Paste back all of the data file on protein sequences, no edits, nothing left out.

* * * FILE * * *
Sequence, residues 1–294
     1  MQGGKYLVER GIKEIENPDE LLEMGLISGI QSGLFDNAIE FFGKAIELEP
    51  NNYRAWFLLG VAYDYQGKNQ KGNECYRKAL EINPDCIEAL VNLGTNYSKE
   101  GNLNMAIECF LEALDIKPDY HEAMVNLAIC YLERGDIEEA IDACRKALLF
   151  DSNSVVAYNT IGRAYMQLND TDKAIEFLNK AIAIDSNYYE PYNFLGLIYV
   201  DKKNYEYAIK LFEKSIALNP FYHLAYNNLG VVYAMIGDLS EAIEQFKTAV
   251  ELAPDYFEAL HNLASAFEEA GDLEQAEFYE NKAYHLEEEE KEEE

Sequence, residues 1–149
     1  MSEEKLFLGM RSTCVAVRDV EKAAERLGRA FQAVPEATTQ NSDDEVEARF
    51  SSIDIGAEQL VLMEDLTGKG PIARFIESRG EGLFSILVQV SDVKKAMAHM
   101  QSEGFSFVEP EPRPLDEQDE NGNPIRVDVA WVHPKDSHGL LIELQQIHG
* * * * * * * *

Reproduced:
Sequence, residues 1–294
     1  MQGGKYLVER GIKEIENPDE LLEMGLISGI QSGLFDNAIE FFGKAIELEP
    51  NNYRAWFLLG VAYDYQGKNQ KGNECYRKAL EINPDCIEAL VNLGTNYSKE
   101  GNLNMAIECF LEALDIKPDY HEAMVNLAIC YLERGDIEEA IDACRKALLF
   151  DSNSVVAYNT IGRAYMQLND TDKAIEFLNK AIAIDSNYYE PYNFLGLIYV
   201  DKKNYEYAIK LFEKSIALNP FYHLAYNNLG VVYAMIGDLS EAIEQFKTAV
   251  ELAPDYFEAL HNLASAFEEA GDLEQAEFYE NKAYHLEEEE KEEE

Sequence, residues 1–149
     1  MSEEKLFLGM RSTCVAVRDV EKAAERLGRA FQAVPEATTQ NSDDEVEARF
    51  SSIDIGAEQL VLMEDLTGKG PIARFIESRG EGLFSILVQV SDVKKAMAHM
   101  QSEGFSFVEP EPRPLDEQDE NGNPIRVDVA WVHPKDSHGL LIELQQIHG